During Xi’s decade in power, the president’s name has been mentioned in the People’s Daily more than six times as frequently as Li Keqiang’s, according to a Bloomberg analysis. That compares with a 2-to-1 ratio during the previous decade when President Hu Jintao and Premier Wen Jiabao were in charge. 

China’s shrinking premiership is part of a regression of the state in favor of the party under Xi, 69. Past leaders such as Jiang Zemin tried to present a government that looked like its international peers while they pursued investment from the West. They donned business suits and ties and established an orderly system to transfer power from one generation to the next. 

China’s New Premier Steps Into Role Stripped Of Its Former Power

But that deepened complaints about power struggles between rival sides of the Zhongnanhai leadership compound in Beijing, where the president resides in the southern court and the State Council occupies the northern end. Xi has sought to end that battle, abolishing term presidential limits, emphasizing the need for security and concentrating decision-making on the party. 

Xi’s main tool has been creating party committees — so-called leading small groups — and giving them responsibility for everything from economic reform to cybersecurity. That process appears set to accelerate in the government overhaul taking shape during the National People’s Congress.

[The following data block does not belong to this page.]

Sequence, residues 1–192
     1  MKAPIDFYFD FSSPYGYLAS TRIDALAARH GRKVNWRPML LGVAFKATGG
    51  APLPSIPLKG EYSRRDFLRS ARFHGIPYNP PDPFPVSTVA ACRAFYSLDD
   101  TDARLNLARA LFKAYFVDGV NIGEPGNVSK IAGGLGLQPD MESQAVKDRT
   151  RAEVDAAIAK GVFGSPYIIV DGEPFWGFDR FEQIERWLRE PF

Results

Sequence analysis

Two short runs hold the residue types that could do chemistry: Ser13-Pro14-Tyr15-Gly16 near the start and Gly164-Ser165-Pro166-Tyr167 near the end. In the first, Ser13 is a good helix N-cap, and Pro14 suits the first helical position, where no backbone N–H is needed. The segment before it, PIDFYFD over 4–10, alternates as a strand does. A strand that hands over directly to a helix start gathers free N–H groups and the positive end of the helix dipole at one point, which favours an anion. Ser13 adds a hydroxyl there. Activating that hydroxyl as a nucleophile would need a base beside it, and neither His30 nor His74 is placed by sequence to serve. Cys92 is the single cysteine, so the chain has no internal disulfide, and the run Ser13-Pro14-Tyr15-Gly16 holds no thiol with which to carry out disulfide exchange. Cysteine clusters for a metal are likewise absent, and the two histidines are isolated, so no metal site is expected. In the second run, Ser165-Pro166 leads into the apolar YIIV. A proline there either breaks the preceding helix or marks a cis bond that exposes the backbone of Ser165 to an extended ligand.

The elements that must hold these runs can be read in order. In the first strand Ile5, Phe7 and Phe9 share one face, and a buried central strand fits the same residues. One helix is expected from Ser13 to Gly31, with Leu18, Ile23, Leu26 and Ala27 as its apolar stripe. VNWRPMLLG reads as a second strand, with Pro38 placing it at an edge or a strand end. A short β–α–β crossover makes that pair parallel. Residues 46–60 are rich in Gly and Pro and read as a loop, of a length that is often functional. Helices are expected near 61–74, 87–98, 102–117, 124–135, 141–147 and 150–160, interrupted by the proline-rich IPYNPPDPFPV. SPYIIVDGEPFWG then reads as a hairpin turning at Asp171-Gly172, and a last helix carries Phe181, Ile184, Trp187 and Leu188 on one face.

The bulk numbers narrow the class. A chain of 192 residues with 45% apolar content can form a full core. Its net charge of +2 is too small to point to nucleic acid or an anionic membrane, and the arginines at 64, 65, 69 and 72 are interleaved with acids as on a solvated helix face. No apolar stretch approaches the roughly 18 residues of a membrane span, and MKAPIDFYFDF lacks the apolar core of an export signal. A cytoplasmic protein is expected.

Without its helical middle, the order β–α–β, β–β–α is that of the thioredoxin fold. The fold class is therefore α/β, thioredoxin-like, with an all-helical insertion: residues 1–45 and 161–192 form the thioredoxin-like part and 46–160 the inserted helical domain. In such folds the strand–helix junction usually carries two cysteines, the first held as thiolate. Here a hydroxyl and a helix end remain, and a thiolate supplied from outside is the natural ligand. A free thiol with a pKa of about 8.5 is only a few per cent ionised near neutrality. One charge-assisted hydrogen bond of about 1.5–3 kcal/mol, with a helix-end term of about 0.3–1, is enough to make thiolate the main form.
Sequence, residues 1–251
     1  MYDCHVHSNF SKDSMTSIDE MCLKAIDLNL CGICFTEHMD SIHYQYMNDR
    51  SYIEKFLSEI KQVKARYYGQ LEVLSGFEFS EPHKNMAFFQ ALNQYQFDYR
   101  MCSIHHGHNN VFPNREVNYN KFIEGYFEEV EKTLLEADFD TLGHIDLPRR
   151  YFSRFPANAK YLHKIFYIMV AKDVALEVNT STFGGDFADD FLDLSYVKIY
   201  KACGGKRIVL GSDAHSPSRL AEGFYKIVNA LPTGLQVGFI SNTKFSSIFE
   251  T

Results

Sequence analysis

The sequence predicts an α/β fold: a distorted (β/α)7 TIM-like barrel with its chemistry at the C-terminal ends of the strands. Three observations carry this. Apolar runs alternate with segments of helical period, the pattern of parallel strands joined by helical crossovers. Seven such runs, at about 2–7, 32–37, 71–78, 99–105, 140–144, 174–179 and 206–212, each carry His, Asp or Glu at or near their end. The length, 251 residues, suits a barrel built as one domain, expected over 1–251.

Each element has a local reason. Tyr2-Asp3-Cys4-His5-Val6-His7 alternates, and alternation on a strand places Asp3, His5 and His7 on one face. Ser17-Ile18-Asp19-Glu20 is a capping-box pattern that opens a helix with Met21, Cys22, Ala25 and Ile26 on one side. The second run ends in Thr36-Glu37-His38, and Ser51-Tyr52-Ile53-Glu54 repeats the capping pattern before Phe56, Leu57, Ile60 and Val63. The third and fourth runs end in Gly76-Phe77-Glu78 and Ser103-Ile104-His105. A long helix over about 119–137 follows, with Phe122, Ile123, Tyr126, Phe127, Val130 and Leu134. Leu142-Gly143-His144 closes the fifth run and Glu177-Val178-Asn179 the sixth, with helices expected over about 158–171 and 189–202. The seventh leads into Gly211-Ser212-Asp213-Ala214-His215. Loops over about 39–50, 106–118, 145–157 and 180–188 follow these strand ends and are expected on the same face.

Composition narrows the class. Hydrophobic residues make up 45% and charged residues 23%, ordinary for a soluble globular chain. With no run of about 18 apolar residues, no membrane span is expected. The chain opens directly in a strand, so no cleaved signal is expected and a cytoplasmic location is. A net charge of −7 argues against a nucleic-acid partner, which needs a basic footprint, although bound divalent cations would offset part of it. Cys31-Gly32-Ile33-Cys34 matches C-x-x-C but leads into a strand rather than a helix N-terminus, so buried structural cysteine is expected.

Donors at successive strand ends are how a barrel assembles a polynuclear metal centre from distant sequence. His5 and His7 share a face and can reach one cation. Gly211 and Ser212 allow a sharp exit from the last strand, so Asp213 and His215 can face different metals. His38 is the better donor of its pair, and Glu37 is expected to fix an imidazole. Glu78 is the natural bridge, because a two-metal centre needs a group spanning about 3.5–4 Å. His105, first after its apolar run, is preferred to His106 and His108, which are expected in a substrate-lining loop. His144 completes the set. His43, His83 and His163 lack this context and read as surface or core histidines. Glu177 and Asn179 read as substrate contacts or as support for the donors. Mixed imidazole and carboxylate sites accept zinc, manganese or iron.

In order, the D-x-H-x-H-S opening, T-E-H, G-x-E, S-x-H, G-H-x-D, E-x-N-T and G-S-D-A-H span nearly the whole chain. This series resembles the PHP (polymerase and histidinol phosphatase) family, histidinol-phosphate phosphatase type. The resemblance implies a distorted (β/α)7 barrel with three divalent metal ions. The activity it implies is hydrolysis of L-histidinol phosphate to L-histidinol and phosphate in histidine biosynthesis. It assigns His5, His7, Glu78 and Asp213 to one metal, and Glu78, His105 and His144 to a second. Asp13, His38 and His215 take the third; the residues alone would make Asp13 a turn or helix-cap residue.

The president is planning revive the long-disbanded Central Financial Work Commission and name his chief of staff, Ding Xuexiang, 60, to helm the body overseeing the $60 trillion financial sector, Bloomberg has reported. The commission’s past leaders include Wen, the former premier.

Another close confidant of the president’s, He Lifeng, 68, is also expected to become a vice premier responsible for economic policy, as well as the party chief of the People’s Bank of China, the Wall Street Journal reported. 

The shift has raised questions about the government’s ability to reverse policies seen as closely associated with Xi, especially after the country’s chaotic departure from his Covid Zero strategy last year. The elder Li had been seen as advocating a more growth-focused approach, even as Xi urged the country to hold the line against outbreaks. 

Li Qiang, at the same time, was busy proving his loyalty to Xi as the party’s top official in Shanghai, where he supported a controversial monthslong lockdown. He credited Xi’s guidance for helping the financial hub to “win the battle” against the virus. 

Whether Li Qiang will use his position as China’s second-most-powerful leader to soften Xi’s policies is unclear. The incoming premier was a leading advocate for accelerating the end of Covid curbs in the wake of a rare wave of protests against the policies last year, Reuters reported Friday, citing people familiar with the matter.

“Policymaking will probably become more Xi-centric and less flexible, simply because of who is occupying the premier’s role,” said Christopher Beddor, deputy China research director at Gavekal Dragonomics. “With Li Qiang, it’s clear that his function will be to turn Xi’s ambitions and inclinations into a policy agenda, not to provide a publicly contrasting emphasis or perspective.” 

“Fundamentally,” Beddor said, “the role of premier will be only as powerful as Xi decides it should be.”